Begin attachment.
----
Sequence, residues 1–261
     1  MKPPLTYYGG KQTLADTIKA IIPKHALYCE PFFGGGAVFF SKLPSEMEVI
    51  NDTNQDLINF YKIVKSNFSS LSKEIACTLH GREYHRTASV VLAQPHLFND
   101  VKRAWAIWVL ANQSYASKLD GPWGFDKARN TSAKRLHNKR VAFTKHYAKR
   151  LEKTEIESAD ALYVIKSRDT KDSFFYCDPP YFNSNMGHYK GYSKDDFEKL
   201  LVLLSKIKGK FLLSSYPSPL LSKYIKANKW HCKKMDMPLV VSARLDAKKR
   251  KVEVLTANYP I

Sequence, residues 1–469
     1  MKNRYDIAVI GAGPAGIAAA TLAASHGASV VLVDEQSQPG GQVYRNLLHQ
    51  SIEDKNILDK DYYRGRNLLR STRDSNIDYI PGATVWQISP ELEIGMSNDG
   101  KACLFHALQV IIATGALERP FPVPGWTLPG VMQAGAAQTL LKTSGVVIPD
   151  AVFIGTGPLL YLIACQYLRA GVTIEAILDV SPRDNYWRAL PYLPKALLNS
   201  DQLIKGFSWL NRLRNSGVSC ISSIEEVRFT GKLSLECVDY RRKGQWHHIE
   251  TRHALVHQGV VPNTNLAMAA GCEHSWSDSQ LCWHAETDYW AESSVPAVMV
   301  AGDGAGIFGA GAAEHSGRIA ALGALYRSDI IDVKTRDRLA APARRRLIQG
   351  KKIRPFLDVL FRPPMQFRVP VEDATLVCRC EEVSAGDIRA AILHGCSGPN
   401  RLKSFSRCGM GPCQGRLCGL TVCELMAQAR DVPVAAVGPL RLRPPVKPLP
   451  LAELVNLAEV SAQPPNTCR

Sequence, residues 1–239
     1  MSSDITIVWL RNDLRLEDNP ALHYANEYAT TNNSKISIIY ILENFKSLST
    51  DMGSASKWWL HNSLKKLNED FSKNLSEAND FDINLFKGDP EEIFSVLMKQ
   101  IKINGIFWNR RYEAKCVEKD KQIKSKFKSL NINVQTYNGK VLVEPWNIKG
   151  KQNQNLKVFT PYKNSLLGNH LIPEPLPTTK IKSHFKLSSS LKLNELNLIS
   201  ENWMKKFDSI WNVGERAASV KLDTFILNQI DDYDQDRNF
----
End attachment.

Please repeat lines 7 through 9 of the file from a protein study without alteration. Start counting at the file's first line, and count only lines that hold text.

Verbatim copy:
   251  KVEVLTANYP I

Sequence, residues 1–469
     1  MKNRYDIAVI GAGPAGIAAA TLAASHGASV VLVDEQSQPG GQVYRNLLHQ